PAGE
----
During his career as a president of the College of New Jersey, Witherspoon favored authors like John Milton, Algernon Sidney, and John Locke and he likely shared the works of these authors with his student, Madison. An essay published by the Locke Institute closely examines Madison and Witherspoon’s relationship, stating that while studying under Witherspoon, Madison learned the idea that “…liberty must be gained and preserved only at the price of eternal vigilance.” (Rowley) Witherspoon’s library, particularly the Memoirs of the Cardinal de Retz, fueled the fire of Madison’s revolutionary ideas. As he prepared his Virginia Plan, and eventually his essays for the Federalist Papers, Madison thrived on the knowledge he gained at the College of New Jersey. His commentary and ideas on national government, as we will soon discover, reflected those of Calvin, John Locke, Aristotle’s Politics, and many others.

Of all the political commentators that Madison became familiar with under Witherspoon’s instruction, John Locke was the greatest inspiration to Madison, especially through his publication The Second Treatise on Government. The idea of man in a state of nature that gradually evolved into civil society was a revolutionary concept during the 17th century. Both Locke and Thomas Hobbes discussed the idea of a social contract between the people and the government. However, Hobbes believed a monarch who ruled over the contract (and was therefore immune to any challenge by it) was the best form of government while Locke held that all men in their state of nature retained specific rights, namely life, liberty, and estate, until they voluntarily created or joined a communal society. In the Second Treatise, Locke states that “…for it is not every compact that puts an end to the state of Nature between men, but only this one of agreeing together mutually to enter into one community, and make one body politic.” (Rodriguez, 79) Here, Locke uses the word ‘compact’ rather than ‘contract’ as was the preferred language in Rousseau’s writings. In his scholarly essay entitled, Was Madison an Original Thinker?, Gary Rosen describes the revolutionist sense of the social compact in comparison to past governments that justified their authority by pointing to “…the will of God or the extraordinary qualities of a particular class.” (Rosen, 1)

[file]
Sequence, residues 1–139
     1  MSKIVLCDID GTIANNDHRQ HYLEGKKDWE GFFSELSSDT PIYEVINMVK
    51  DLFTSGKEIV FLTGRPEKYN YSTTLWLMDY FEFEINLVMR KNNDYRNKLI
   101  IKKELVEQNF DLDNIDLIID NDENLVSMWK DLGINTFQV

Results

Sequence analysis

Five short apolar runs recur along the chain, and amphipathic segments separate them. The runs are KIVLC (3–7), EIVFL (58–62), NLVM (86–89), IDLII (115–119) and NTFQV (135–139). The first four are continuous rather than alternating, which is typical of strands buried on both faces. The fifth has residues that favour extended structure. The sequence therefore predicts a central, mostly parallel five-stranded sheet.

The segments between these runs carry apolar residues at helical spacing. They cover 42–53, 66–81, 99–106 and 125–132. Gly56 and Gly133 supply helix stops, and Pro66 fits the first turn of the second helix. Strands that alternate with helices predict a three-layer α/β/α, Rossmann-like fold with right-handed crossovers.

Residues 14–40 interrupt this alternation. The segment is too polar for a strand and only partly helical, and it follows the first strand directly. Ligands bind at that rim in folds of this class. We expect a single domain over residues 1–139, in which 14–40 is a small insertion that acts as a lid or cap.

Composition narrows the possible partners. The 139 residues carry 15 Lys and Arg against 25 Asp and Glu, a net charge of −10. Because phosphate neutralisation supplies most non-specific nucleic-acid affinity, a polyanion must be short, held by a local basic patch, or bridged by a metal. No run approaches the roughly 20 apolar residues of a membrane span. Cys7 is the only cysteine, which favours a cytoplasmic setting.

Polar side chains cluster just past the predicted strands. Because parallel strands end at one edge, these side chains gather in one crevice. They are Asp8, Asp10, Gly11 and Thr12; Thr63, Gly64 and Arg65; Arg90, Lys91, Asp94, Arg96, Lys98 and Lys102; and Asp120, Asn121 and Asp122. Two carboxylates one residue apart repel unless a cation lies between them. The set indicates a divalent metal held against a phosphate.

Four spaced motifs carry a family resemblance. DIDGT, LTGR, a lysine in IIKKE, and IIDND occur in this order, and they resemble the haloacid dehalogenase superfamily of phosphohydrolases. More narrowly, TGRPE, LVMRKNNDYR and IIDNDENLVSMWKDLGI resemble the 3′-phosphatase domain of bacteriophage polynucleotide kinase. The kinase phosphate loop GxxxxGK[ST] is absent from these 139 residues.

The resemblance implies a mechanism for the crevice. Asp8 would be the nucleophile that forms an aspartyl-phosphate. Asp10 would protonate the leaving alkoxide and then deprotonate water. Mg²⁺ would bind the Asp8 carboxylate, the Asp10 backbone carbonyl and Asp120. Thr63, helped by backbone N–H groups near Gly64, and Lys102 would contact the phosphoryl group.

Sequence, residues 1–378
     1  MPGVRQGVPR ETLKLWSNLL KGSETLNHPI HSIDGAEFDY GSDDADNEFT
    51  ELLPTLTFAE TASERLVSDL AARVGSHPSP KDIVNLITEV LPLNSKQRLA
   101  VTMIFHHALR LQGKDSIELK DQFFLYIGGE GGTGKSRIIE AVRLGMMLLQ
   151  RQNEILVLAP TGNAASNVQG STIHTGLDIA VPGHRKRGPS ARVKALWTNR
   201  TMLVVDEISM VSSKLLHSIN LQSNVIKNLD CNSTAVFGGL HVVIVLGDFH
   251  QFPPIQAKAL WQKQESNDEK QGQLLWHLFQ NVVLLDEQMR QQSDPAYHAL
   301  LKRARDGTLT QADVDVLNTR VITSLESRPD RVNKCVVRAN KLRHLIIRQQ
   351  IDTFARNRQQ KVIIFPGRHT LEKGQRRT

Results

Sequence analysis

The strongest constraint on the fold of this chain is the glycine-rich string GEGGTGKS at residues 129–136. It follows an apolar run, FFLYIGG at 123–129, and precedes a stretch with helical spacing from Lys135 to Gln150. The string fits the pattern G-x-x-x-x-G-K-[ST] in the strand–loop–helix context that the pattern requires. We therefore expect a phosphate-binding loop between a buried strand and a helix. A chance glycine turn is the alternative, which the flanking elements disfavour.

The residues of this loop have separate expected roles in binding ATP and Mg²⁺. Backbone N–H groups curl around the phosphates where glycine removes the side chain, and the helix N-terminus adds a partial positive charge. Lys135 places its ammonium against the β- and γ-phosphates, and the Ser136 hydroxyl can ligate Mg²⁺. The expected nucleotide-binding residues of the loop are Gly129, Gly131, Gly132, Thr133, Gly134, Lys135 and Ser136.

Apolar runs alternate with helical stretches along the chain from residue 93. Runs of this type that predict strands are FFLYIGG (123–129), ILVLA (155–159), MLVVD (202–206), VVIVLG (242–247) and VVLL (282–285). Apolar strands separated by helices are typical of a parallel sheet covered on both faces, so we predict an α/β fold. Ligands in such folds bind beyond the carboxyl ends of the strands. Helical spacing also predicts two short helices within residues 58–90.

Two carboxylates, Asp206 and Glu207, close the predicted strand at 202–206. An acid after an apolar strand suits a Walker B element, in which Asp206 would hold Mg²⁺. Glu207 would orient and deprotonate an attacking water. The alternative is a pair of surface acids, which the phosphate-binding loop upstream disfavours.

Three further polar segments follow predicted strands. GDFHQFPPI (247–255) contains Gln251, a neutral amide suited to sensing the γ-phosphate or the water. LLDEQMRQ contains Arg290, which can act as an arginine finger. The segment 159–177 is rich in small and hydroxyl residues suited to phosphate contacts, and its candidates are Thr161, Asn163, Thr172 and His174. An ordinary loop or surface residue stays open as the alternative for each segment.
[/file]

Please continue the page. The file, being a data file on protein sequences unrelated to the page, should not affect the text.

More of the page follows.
Madison also preferred to use the word ‘compact’ when describing the social agreement among individuals to become a civil society and create a state of government. Modern historians in the Constitution Society believe that these writers’ compacts and contracts were likely identical and the terms were used interchangeably. They suggest that while Madison agreed with the concept of Rousseau’s contract, he used the word ‘compact’ “…because [the concept] is not a commercial contract, requiring express, informed consent.” (Social Contract) Locke would agree that consent to a set of rules or norms implies the establishment of society, and the concept of creating government arises from that society. In other words, Madison likely used the term ‘compact’ because he favored Locke’s approach and wanted to emphasize the individual’s submission into society as an act that precedes the creation of government. The term ‘contract’ may imply the simultaneous act of individual submission and state establishment, which, Madison determined, was not right or natural.

Madison also recognized Locke’s emphasis on representation and government rule by consent of the people. He read all of Locke’s works at the College of New Jersey and carried these ideals with him throughout his political career. Overall, this gave him a unique outlook on government; one that valued the rights of individuals and recognized the importance of their involvement in government for the good of the whole. Madison also recalled Locke’s ideas regarding human nature, and the right of every man to be free, a condition that could be reached by the individuals’ direct involvement in government. Witherspoon emphasized the idea that the purpose of government was to “…encourage and to nourish, not life alone, but the good life, the life of virtue.” (Rowley) As Madison became familiar with Locke’s ideas about representation and government by consent, he also embraced this politic of virtue. Under his studies of Locke, Madison understood that virtue was the foundation of government and that its supremacy came from a higher order than the majority rule.

In summary, regarding Madison’s early education and career in Princeton, the studies of history, politics, and religion all contributed to Madison’s future career in the Virginia legislature and United States Congress. Witherspoon’s political encouragement to study Locke armed the young Virginia statesman with the understanding that in order to become and remain free, man’s participation in government was imperative. Knowledge of the histories of Greek and Rome granted him a deep appreciation for and understanding of human nature and political obligation. Finally, thanks to Madison’s past religious experiences and Christian traditions, he embraced the importance of morality, human dignity, and integrity.